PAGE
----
On the Smooth Ambiguity Model: A Reply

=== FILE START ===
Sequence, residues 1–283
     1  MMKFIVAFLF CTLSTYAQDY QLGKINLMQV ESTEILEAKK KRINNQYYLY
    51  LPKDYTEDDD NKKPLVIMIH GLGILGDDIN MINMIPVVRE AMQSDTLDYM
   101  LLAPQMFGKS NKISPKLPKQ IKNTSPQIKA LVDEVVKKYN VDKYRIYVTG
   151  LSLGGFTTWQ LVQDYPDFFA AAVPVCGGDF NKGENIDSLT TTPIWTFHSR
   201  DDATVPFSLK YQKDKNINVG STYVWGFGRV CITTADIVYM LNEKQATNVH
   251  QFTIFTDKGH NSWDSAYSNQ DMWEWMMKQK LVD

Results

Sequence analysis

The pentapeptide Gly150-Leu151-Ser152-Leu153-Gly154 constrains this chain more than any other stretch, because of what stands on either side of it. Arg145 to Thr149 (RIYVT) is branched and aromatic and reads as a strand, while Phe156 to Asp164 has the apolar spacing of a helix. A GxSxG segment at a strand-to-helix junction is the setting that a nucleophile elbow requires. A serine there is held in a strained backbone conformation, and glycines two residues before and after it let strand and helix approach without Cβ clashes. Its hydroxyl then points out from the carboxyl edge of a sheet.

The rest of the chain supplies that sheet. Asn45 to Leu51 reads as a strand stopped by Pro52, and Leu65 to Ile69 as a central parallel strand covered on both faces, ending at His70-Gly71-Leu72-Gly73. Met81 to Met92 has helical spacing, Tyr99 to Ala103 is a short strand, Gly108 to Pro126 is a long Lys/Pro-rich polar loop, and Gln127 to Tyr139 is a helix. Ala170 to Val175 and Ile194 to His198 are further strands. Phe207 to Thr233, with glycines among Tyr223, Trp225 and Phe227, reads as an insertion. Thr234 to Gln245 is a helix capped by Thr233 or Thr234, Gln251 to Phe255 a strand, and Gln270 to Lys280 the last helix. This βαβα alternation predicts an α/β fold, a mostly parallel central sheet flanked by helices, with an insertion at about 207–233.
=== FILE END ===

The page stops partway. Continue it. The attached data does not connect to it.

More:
We find that Epstein (2010)'s Ellsberg-style thought experiments pose, contrary to his claims, no paradox or difficulty for the smooth ambiguity model of decision making under uncertainty developed by Klibanoff, Marinacci and Mukerji (2005). Not only are the thought experiments naturally handled by the smooth ambiguity model, but our reanalysis shows that they highlight some of its strengths compared to models such as the maxmin expected utility model (Gilboa and Schmeidler (1989)). In particular, these examples pose no challenge to the model's foundations, interpretation of the model as affording a separation of ambiguity and ambiguity attitude or the potential for calibrating ambiguity attitude in the model.
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